At first I used to try to make her understand that a true artist is worthy of great respect, that his works sometimes endure for ages, and are admired by many successive generations, and that, in point of fact, a good artist is quite as good as a councillor. Unhappily, I failed to convince her; she merely shrugged her shoulders, clasped her hands in despair, and vouchsafed no answer.
I would have done anything to convert my aunt Catherine to my views—anything; but I would rather die than sacrifice art and an artist’s life, music, painting, and Sebaldus’s tavern!
Sebaldus’s tavern is delightful. It is the corner house between the narrow Rue des Hallebardes and the little square De la Cigogne. As soon as you are through the archway you find within a spacious square court, with old carved wooden galleries all round it, and a wooden staircase to reach it; everywhere are scattered in disorder small windows of last century with leaden sashes, skylights, and air-holes; old wooden posts are nearly yielding under the weight of a roof that threatens to sink in. The barn, the rows of casks piled up in a corner, the cellar door at the left, a pigeon-cote forming the point of the gable end; then, again, beneath the galleries, other darkened windows in the same style, where you can see swillers and topers in three-cornered hats, distinguished by noses red, purple, or crimson; little women of Hundsruck, in velvet caps with long fluttering ribbons, some grave, some laughing, others queer and grotesque-looking; the hay-loft high up under the roof; stables, pigsties, cowsheds, all in picturesque confusion attract and confound your attention. It is a strange sight!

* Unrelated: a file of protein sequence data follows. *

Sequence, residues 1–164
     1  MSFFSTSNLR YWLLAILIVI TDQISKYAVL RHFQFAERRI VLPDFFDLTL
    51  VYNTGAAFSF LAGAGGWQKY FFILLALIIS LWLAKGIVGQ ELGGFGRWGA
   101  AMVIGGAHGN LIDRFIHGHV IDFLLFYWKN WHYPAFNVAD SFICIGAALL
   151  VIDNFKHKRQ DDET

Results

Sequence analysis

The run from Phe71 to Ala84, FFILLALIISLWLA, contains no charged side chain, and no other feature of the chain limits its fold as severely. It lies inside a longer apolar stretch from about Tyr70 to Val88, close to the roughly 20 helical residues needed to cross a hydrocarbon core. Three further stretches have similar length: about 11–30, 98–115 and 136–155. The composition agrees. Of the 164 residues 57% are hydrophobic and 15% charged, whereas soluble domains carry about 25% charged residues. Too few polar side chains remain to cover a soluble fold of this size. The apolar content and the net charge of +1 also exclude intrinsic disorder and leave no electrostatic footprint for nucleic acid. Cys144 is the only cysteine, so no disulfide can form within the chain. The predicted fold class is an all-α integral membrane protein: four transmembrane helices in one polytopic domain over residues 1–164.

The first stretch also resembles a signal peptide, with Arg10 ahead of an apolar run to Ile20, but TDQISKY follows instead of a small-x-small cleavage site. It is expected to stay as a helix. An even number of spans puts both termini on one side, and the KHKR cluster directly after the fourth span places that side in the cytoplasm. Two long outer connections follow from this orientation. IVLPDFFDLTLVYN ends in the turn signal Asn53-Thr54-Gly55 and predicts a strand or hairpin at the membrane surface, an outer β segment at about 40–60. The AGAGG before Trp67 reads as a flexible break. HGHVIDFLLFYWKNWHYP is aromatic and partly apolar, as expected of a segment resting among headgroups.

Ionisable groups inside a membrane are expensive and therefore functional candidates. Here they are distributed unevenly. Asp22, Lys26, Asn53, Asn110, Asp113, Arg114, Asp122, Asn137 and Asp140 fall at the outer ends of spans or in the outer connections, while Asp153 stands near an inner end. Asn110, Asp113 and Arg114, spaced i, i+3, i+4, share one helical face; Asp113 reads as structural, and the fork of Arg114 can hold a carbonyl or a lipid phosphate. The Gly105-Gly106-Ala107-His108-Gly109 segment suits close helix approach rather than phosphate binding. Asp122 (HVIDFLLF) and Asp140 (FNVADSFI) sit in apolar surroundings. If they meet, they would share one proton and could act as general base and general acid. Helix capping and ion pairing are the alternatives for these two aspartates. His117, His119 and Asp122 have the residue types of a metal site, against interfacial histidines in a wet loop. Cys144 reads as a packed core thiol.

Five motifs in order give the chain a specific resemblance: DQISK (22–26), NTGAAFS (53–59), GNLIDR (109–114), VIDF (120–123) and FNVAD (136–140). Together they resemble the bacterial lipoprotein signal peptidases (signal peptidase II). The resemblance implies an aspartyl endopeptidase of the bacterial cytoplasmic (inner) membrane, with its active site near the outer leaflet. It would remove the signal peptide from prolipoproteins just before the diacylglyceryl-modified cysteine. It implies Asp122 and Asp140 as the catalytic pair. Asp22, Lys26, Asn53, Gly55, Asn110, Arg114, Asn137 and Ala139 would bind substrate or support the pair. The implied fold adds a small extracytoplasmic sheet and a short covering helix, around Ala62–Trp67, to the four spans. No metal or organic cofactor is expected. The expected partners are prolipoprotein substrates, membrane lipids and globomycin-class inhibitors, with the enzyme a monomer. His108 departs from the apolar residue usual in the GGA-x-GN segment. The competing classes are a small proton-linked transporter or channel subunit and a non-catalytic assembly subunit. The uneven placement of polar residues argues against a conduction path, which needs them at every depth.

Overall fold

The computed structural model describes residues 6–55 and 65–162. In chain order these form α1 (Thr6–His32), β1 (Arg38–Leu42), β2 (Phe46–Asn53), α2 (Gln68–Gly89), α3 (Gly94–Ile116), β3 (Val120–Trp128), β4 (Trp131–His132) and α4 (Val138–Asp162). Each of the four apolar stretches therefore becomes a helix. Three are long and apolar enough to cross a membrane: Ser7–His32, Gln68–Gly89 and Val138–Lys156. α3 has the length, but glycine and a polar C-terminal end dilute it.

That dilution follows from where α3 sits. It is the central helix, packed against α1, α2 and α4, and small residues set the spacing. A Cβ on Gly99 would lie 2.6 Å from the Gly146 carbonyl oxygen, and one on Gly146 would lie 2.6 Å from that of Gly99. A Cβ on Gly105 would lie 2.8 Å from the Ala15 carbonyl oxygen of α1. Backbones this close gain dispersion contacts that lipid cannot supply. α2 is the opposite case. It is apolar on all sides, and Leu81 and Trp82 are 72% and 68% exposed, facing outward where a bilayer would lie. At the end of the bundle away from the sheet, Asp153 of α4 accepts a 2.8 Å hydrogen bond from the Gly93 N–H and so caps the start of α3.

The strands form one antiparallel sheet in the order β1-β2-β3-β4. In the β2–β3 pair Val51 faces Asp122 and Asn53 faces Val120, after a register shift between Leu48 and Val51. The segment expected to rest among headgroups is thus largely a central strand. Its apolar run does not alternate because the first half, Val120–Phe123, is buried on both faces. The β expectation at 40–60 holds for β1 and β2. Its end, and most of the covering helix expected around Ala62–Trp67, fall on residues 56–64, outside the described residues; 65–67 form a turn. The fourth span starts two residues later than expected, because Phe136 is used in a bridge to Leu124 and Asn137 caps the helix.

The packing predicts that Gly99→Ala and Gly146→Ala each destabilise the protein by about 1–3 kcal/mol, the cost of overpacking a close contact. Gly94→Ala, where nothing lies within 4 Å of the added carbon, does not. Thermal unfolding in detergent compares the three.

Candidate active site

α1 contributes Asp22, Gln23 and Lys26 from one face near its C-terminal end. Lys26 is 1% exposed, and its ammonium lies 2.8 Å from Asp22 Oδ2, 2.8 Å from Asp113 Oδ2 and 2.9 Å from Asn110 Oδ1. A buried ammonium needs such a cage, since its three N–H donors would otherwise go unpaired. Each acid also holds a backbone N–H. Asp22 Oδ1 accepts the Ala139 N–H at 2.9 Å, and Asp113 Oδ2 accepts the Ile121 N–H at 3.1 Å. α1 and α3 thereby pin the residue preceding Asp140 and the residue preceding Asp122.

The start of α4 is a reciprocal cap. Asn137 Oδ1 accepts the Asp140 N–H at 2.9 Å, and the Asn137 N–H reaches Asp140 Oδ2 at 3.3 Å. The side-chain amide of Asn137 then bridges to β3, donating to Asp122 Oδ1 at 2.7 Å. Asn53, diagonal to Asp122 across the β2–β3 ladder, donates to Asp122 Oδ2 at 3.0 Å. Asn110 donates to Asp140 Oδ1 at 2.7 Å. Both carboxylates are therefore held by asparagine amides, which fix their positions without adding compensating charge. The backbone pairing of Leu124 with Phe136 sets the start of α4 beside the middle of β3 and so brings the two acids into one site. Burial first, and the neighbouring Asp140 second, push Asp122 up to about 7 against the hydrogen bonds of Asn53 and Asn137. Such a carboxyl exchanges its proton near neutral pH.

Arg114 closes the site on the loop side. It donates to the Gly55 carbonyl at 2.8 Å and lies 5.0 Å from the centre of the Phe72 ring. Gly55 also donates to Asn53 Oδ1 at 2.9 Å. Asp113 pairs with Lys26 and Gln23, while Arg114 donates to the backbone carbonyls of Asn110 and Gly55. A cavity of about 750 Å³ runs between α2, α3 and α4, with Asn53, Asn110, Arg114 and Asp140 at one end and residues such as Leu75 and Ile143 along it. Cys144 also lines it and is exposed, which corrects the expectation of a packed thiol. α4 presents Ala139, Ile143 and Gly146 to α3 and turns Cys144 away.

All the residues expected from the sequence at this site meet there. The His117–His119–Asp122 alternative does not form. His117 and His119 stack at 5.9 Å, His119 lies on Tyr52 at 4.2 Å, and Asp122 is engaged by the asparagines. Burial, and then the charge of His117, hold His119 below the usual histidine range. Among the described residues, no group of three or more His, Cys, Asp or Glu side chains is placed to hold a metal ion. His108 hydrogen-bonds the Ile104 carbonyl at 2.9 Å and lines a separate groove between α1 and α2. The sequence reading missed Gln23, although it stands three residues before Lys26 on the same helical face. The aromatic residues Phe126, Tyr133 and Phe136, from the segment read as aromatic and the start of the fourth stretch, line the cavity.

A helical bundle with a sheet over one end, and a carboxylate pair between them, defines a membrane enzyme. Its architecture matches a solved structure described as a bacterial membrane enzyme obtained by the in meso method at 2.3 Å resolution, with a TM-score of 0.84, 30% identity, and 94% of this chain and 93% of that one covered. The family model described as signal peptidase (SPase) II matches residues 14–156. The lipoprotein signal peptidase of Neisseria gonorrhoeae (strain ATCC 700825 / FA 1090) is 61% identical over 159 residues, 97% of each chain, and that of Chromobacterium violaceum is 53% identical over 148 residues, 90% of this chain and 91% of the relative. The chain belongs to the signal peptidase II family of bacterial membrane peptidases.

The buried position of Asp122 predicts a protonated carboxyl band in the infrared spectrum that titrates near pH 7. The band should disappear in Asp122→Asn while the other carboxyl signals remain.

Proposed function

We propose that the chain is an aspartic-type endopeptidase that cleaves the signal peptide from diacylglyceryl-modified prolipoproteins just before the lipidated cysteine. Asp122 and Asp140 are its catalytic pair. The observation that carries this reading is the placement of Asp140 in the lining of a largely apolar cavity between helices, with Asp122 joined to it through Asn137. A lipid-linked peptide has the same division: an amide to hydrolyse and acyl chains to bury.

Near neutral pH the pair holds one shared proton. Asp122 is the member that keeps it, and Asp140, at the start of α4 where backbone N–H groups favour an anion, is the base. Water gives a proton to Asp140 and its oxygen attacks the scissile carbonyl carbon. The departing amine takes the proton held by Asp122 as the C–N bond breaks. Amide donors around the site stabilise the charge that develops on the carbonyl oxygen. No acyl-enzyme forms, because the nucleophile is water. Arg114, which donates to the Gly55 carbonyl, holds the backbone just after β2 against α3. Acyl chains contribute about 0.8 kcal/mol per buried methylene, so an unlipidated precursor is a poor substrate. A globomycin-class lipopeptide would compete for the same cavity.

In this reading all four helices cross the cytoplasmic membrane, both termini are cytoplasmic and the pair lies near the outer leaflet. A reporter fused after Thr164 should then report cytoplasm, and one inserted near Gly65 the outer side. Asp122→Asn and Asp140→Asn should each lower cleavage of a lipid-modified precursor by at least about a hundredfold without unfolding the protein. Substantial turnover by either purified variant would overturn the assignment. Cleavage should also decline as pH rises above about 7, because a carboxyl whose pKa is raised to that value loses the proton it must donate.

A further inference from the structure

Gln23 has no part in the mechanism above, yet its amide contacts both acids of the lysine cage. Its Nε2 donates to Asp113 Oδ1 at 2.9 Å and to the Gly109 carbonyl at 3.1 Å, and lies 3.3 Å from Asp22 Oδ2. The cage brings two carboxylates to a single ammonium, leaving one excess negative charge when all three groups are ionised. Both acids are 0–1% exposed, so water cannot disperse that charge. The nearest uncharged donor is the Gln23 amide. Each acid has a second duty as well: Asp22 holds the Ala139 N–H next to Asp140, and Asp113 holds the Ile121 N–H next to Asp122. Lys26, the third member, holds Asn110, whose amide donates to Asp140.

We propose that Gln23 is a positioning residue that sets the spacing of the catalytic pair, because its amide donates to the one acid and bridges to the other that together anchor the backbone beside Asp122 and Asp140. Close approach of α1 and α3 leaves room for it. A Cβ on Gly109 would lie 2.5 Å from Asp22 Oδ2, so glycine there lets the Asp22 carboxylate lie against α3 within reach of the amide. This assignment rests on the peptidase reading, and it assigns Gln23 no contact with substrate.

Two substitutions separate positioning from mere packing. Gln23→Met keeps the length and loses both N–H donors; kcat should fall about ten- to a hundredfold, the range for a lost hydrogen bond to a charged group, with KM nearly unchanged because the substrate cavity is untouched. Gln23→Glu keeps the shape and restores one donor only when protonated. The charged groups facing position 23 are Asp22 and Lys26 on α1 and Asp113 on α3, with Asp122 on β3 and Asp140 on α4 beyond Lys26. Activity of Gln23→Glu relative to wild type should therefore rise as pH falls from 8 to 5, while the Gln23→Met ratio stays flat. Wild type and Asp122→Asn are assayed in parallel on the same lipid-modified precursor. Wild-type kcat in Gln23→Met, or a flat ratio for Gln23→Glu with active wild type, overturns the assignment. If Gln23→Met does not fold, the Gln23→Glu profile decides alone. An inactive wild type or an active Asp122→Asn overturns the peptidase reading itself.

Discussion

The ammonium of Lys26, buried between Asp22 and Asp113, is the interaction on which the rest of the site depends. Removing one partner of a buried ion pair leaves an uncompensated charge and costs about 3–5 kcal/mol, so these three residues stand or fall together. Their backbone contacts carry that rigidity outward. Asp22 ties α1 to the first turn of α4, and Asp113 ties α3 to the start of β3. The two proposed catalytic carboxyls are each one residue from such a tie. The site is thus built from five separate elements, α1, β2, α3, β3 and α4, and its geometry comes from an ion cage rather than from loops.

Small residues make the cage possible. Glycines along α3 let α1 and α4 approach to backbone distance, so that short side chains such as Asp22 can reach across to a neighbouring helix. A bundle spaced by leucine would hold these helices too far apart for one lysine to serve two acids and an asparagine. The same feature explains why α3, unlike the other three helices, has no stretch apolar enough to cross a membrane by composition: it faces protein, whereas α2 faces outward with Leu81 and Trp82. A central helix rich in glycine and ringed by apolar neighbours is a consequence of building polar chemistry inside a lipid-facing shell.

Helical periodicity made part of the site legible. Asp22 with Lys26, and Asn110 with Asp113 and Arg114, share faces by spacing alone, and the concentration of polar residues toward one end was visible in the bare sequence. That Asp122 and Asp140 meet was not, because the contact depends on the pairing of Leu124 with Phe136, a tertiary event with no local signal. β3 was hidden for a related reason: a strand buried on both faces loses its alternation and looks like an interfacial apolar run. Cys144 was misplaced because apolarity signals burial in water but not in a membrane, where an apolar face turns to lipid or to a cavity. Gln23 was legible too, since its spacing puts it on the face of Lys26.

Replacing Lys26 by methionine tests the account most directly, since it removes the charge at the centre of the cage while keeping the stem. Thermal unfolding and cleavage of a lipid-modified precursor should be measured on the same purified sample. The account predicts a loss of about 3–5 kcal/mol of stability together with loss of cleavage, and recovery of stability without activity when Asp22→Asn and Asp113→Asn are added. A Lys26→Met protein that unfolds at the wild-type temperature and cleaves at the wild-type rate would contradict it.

For fifty years not a hammer has been lifted against this venerable ruin. You would think it was left for the special accommodation of rats! And when the glowing autumn sun, red as fire, showers golden rain upon the decaying walls and timbers; when, as daylight fades into evening, the angular projections stand out more boldly, and the shadows deepen; when all the tavern rings with songs, and shouts, and roars of laughter; when fat Sebaldus, in leathern apron, runs to and from the cellar with the big jug in his hand; when his wife Gredel throws up the kitchen window, and with her long knife, well hacked along the edge, cleans the fish, or cuts the necks of hens, ducks, or geese which struggle and gurgle in their own blood; when pretty Fridoline, with her rosy little mouth and her long fair hair, leans out of her window to tend the honeysuckle, and over her head the neighbour’s tabby cat is gently swaying her tail and watching, with her cunning green eyes, the swallow circling in the deepening purple—I do assure you that a man must be utterly devoid of taste for the picturesque not to stop and contemplate in ecstasy and listen to the murmuring sounds, or the louder din, or the falling whispers, and observe with an artist’s eye the trembling lights, the flying shadows, and whisper to himself, “Is not this beautiful?”